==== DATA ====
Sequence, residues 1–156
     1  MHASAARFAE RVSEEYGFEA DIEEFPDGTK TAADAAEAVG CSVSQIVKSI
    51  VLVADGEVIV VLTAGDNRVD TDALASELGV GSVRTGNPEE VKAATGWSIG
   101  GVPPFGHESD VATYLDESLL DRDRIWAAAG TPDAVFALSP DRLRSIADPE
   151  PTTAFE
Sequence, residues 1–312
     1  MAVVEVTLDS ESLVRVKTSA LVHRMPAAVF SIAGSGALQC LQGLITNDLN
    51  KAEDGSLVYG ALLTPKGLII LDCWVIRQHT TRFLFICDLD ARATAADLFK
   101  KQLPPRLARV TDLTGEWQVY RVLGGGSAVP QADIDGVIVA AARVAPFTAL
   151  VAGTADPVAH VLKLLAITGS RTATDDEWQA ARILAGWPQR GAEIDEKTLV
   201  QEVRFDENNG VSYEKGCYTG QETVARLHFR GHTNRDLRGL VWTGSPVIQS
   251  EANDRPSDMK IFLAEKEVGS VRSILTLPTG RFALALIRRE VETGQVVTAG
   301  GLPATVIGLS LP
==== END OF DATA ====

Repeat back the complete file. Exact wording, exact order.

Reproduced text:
Sequence, residues 1–156
     1  MHASAARFAE RVSEEYGFEA DIEEFPDGTK TAADAAEAVG CSVSQIVKSI
    51  VLVADGEVIV VLTAGDNRVD TDALASELGV GSVRTGNPEE VKAATGWSIG
   101  GVPPFGHESD VATYLDESLL DRDRIWAAAG TPDAVFALSP DRLRSIADPE
   151  PTTAFE
Sequence, residues 1–312
     1  MAVVEVTLDS ESLVRVKTSA LVHRMPAAVF SIAGSGALQC LQGLITNDLN
    51  KAEDGSLVYG ALLTPKGLII LDCWVIRQHT TRFLFICDLD ARATAADLFK
   101  KQLPPRLARV TDLTGEWQVY RVLGGGSAVP QADIDGVIVA AARVAPFTAL
   151  VAGTADPVAH VLKLLAITGS RTATDDEWQA ARILAGWPQR GAEIDEKTLV
   201  QEVRFDENNG VSYEKGCYTG QETVARLHFR GHTNRDLRGL VWTGSPVIQS
   251  EANDRPSDMK IFLAEKEVGS VRSILTLPTG RFALALIRRE VETGQVVTAG
   301  GLPATVIGLS LP